During last month's Google I/O conference, CEO Larry Page had little to say regarding Glass, mostly deferring to his co-founder Sergey Brin. Page also opted not to wear the device while delivering his keynote address.
Nevertheless, Page's enthusiasm for the innovative wearable computing device appears to be undiminished, based on comments reportedly made at a recent shareholders meeting at the company's California headquarters.
When questioned about Glass privacy, Page said, "People worry about all sorts of things that actually, when we use the product, it is not that big a concern," according to a report from AFP. "You don't collapse in terror that someone might be using Glass in the bathroom just the same as you don't collapse in terror when someone comes in with a smartphone that might take a picture."
Page is likely referring to a high-profile critique of Glass that recently appeared in the New York Times, in which the writer described a troubling encounter with Glass wearers in the bathroom of the Google I/O conference.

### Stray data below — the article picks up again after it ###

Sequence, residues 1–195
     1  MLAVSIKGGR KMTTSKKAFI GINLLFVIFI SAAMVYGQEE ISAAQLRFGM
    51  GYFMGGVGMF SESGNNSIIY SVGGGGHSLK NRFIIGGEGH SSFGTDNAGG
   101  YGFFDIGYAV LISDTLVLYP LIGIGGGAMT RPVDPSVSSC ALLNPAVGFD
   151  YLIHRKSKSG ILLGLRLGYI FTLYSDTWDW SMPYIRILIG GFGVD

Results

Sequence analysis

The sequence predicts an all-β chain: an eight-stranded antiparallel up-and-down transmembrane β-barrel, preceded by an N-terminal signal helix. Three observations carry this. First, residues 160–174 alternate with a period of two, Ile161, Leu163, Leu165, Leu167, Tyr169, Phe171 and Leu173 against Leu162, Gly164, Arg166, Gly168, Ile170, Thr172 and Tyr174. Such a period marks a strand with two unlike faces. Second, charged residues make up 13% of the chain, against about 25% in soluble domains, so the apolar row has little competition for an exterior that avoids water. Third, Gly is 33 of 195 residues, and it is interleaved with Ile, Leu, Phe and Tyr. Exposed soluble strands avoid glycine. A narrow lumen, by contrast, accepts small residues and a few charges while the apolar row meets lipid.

The issue of Glass as a potential threat to the public's privacy has become such a topic of debate that it even prompted members of Congress to draft a letter to Google calling for answers to the public's concerns. The letter, which requests a formal reply by 14 June, is the most formal response to Glass, a device that has divided many in the tech community over its potential impact on interpersonal relations.
The device has even drawn comments of skepticism from Apple CEO Tim Cook. "I think it's probably more likely to appeal to certain vertical markets," he said at D11. "I think the likelihood that it has a broad range appeal... that's tough to see."